I hope this makes everything a little bit more clear. Remember, this really IS a hard subject, so even though it seems frustrating now, you just need a lot of practice especially with the subjects of Generics and Lambda expressions.
     
    Carey Brown
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    Stephan van Hulst wrote:Yes, it is difficult, but with some practice you will get it. For now, let me explain to you the comparing() method.....

    While you've presented a good write up I think you've also demonstrated why newbies should stick with Java 7 at first.
     
    Stephan van Hulst
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    Disagree. People are perfectly capable of learning functional concepts from the start. The fact that they learn about lambdas as something that's bolted on top of some "basic Java" language is exactly why many people struggle with them, just like how learning OO is much more difficult for people who have started out learning procedural languages.
     
    Biniman Idugboe
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    Wow!  I can only thank all that have responded so far.  In particular, I raise my hat for Stephan on three points:
    1.  The time it took to put the explanations together.
    2.  The explanations
    3.  The more realistic classes in the example.
    Goes to show that some people still care about people they do not even know and probably will never know.  I cannot say for now that I grasped all the things explained, but I am sure I will grasp them when I have read them over and over. I owe you respect while still wondering how long and what level of efforts it took for you to get to this height of understanding.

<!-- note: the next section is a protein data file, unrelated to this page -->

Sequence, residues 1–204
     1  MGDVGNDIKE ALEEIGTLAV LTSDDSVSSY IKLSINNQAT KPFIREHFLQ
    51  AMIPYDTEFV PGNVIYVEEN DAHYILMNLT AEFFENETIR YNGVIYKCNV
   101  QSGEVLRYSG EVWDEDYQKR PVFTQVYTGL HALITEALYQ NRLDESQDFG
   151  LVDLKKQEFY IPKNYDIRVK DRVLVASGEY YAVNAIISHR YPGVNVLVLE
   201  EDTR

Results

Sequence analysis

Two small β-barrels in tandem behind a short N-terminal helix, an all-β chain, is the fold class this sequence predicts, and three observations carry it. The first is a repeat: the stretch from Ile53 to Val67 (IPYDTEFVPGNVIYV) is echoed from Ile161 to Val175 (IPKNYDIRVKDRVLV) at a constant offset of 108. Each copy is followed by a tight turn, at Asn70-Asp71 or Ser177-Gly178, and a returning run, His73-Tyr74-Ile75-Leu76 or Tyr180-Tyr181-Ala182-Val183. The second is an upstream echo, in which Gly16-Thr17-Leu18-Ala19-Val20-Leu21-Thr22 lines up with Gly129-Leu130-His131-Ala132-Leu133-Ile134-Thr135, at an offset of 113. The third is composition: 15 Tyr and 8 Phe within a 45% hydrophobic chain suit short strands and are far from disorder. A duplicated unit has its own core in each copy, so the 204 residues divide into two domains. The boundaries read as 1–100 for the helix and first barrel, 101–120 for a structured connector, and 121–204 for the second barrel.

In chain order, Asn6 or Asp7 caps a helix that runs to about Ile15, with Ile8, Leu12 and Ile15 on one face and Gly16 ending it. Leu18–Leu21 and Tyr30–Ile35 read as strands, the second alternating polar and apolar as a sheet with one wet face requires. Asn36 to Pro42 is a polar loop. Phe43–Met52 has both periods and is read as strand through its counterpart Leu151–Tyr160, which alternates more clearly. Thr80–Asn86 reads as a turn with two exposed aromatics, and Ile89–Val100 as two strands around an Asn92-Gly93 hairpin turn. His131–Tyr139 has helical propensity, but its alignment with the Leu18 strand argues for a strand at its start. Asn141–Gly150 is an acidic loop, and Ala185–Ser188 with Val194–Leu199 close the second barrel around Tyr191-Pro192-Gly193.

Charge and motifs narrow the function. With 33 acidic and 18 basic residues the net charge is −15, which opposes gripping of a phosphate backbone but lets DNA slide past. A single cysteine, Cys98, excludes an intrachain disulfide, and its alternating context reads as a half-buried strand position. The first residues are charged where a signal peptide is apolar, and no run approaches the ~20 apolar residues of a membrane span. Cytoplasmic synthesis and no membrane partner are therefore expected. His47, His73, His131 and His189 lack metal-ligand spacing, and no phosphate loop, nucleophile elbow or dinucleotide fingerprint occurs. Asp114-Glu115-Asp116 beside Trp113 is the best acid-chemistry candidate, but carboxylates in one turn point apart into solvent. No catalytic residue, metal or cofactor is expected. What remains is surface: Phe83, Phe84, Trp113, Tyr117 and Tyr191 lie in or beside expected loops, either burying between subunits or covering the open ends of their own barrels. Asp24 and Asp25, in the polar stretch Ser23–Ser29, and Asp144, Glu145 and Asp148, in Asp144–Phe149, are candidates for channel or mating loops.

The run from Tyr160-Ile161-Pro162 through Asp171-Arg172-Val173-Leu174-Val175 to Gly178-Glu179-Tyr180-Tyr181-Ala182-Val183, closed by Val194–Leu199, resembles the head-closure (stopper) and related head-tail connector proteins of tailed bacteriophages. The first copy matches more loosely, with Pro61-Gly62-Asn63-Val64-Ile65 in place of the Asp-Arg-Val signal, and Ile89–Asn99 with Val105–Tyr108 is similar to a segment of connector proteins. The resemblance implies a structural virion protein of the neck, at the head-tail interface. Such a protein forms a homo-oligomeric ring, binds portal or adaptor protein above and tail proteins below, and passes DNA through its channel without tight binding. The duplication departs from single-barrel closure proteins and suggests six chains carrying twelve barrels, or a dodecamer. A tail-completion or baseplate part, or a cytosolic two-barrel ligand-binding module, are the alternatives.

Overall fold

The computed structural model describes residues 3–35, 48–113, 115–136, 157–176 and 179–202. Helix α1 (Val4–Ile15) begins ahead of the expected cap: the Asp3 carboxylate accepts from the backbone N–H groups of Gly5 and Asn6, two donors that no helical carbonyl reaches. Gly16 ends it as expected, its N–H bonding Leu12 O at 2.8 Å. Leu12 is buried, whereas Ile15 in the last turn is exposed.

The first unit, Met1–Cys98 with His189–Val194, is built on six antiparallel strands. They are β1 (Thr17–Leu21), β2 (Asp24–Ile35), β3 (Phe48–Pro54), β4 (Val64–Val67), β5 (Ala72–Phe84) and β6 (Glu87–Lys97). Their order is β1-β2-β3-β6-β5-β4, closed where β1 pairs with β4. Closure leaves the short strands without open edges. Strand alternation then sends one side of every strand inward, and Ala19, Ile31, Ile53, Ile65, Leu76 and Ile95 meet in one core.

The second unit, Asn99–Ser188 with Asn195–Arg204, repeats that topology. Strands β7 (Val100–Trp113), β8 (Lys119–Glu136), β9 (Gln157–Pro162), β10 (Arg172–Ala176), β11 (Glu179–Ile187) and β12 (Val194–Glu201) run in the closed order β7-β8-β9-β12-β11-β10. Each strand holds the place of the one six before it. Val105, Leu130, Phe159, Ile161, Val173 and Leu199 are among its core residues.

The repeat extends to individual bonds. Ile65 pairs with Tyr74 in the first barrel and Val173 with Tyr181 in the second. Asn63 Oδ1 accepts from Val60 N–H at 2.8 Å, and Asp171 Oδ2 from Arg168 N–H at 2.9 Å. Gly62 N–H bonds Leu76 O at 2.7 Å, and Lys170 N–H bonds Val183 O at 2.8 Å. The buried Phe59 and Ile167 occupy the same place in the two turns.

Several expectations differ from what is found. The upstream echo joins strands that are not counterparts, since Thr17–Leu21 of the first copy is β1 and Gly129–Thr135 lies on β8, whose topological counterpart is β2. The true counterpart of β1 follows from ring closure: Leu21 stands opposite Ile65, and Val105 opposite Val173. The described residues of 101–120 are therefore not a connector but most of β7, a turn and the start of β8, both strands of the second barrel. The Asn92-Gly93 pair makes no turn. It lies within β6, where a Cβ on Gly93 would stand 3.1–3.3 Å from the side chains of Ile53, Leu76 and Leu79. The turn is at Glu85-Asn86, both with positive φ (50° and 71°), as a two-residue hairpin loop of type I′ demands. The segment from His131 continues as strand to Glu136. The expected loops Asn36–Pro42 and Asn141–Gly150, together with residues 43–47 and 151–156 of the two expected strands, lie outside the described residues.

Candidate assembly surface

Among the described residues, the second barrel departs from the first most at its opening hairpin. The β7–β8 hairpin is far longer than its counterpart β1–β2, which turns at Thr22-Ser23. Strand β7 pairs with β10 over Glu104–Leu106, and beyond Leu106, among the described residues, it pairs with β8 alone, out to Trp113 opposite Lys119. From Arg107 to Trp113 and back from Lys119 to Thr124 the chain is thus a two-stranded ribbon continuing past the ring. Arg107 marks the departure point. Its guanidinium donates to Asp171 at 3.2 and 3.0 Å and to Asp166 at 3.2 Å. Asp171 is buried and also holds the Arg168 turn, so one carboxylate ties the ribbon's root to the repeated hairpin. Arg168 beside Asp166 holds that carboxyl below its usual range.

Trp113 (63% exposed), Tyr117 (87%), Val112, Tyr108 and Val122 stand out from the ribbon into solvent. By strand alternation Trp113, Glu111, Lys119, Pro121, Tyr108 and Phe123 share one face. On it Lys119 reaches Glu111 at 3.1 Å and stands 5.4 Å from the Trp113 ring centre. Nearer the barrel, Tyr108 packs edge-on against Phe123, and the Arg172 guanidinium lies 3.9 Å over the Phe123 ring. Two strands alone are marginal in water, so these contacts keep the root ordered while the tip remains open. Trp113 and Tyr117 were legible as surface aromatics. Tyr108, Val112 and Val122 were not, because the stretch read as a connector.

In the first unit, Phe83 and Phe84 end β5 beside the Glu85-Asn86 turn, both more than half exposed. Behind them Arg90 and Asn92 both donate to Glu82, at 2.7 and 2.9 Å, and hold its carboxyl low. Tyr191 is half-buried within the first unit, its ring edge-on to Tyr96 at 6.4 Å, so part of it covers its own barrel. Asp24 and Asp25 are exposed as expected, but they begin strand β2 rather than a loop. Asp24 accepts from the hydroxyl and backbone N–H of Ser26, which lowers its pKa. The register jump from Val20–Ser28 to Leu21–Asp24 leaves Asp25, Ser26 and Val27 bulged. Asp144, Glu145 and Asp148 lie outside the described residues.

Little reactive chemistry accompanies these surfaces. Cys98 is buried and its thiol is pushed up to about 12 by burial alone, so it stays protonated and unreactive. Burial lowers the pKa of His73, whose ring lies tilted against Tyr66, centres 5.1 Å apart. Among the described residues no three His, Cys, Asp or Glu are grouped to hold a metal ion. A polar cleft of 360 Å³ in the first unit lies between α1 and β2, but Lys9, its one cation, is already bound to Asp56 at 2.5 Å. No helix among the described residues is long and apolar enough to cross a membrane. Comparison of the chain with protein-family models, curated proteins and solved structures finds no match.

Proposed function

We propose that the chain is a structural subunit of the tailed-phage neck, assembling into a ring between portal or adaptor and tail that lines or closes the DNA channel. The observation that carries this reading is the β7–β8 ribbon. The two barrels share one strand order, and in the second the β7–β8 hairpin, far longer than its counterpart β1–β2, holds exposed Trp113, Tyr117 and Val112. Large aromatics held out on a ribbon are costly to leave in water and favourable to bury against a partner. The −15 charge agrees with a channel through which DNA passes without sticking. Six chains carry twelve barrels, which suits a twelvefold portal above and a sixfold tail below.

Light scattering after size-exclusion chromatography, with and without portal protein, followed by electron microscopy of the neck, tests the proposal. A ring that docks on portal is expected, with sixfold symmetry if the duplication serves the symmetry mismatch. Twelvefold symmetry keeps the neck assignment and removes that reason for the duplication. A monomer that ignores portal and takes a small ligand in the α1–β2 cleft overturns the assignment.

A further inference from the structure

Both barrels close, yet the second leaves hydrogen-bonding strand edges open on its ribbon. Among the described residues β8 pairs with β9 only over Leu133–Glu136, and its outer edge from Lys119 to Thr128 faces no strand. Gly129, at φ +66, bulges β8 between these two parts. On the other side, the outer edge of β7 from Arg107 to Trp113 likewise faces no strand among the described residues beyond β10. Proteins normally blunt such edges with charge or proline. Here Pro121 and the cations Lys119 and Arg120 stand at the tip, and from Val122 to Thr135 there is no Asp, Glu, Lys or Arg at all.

Arco Brouwer
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    @Stephan van Hulst: Great post! Didn't have to much time to read know, but bookmarked it and will come back if I dive more into lambda expressions!
     
    Pop Bogdan
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    Great post Stephan!
    I wish I would have read something like your post when I was fist struggling with stuff like this.
     
    Stephan van Hulst
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    Thank you all for your kind words and the cows. I have a final note to make. To fully demonstrate the comparing() method with two parameters, we first got a property from the objects to compare, and then built a new comparator to compare those properties. In most applications, you would just immediately get the real property to compare by in the first lambda expression:

    The comparing() method that takes a function and a comparator is useful for when you want to compare a property in some non-standard way, and you already have a comparator lying around that does that, such as Comparator.reverseOrder().

    We sorted a list of teams by the statistics() property of the teams. TeamStatistics is naturally comparable (using the total amount of points a team has), but this would sort our list starting with the last ranked team. That's why we pass Comparator.reverseOrder() to the comparing() call.
     
    It is sorta covered in the JavaRanch Style Guide.